Even then Belgian Prime Minister Yves Leterme appealed to Aquino not to gullibly believe unfounded claims fed to him. Leterme officially vouched for the project’s integrity, and even submitted to Aquino an independent evaluation of the project, by the British dredging expert Anthony D. Bates Partnership.

For some reason nobody could fathom, Aquino stuck to his insanity that the project had to be stopped. He even maliciously lied that the “project would move silt from one area of Laguna de Bay to another.” That was so totally false, distorting the project’s plan to use the silt as foundation for a high-way along the lake’s shores—which would have turned it into a new growth area.

“A much deeper Laguna de Bay would relieve residents of Metro Manila, Rizal and Laguna of the flooding that happened at the height of typhoons ‘Ondoy’ and ‘Pepeng’,” then Laguna Gov Jorge Ejercito, an ardent supporter of the project, summed up in September 2010 the aim of the planned massive dredging. For Ejercito’s public statements in support of the project, Aquino brought down the full force of his government apparatus against him, removing him as Laguna governor in 2014.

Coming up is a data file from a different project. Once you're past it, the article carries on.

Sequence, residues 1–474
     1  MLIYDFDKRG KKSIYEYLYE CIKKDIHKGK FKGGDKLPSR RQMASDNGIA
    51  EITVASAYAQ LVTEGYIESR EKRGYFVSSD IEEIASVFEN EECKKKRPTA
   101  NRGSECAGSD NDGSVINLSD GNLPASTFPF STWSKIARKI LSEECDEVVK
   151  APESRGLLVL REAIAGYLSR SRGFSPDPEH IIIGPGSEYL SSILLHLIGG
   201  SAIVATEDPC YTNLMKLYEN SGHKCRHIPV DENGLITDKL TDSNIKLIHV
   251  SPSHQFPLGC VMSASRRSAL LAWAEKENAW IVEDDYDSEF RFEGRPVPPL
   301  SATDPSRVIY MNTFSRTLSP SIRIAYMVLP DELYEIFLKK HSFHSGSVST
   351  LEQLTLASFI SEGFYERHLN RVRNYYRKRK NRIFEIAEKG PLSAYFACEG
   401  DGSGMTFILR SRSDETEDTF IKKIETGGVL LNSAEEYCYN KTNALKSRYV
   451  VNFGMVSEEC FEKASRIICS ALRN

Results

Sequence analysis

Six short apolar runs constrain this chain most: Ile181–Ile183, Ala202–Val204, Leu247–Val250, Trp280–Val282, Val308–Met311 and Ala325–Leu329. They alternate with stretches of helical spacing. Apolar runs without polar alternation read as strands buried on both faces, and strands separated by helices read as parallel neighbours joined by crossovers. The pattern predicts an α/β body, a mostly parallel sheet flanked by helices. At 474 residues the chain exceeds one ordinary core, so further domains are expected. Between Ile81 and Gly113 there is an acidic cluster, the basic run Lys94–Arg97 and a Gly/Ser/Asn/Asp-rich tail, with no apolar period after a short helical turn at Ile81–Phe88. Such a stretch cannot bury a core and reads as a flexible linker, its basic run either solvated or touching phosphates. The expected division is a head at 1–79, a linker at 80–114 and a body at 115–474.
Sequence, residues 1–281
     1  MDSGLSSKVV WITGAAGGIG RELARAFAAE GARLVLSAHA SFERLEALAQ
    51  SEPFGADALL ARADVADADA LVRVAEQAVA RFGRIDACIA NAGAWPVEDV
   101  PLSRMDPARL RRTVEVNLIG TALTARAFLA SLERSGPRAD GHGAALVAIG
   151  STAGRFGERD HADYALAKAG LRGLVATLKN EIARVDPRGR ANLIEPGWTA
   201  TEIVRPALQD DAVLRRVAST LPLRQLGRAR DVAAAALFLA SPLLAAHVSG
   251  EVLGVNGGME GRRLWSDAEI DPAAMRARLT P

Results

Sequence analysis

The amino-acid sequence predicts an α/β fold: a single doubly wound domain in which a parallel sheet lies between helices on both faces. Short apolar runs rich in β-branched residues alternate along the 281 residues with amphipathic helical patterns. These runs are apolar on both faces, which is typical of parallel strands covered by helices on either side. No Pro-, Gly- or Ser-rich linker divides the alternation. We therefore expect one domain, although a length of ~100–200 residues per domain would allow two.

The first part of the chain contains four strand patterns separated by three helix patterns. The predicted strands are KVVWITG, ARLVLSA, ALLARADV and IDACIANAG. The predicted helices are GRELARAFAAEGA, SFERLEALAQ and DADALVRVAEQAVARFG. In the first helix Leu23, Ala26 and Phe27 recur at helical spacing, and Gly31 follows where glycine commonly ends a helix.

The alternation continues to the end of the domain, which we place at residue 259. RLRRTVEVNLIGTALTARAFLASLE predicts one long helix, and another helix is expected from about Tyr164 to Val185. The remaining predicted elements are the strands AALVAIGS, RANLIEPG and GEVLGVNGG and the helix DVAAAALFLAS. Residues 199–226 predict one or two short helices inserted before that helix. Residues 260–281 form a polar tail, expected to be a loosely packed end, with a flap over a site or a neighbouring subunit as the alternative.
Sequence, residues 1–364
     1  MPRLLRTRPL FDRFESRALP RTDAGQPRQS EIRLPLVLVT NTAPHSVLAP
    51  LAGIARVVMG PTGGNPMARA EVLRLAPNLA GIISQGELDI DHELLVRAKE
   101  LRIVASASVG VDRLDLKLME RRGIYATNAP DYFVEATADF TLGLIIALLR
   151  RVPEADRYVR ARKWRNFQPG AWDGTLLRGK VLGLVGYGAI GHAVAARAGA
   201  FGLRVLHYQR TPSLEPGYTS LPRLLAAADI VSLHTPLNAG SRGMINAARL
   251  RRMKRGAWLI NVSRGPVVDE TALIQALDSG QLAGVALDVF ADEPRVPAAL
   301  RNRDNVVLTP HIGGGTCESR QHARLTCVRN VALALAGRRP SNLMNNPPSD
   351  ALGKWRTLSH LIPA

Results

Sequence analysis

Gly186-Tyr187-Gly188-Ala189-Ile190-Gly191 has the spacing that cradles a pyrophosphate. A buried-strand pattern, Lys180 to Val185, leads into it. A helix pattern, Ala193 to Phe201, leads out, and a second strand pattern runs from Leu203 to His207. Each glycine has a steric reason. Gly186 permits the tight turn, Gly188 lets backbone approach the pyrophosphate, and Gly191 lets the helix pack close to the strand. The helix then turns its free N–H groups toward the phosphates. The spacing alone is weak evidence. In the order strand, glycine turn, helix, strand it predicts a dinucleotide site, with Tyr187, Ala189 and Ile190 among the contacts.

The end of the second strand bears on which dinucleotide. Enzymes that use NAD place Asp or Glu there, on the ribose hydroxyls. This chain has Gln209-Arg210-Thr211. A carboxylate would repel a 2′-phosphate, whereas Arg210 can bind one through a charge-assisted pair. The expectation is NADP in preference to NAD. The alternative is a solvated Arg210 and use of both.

Belgians sue
After trying for months through their government to convince Aquino not to abort the project, the Belgian firm gave up and sued the Philippine government in October 2011 before the World Bank’s International Center for the Settlement Investment Disputes, asking for damages of P4 billion.

The ICSID issued its decision five years later in January 2017. While it recognized the right of the Philippines as a sovereign nation to stop a project on its territory, the ICSID did not find any indication of government corruption in the project.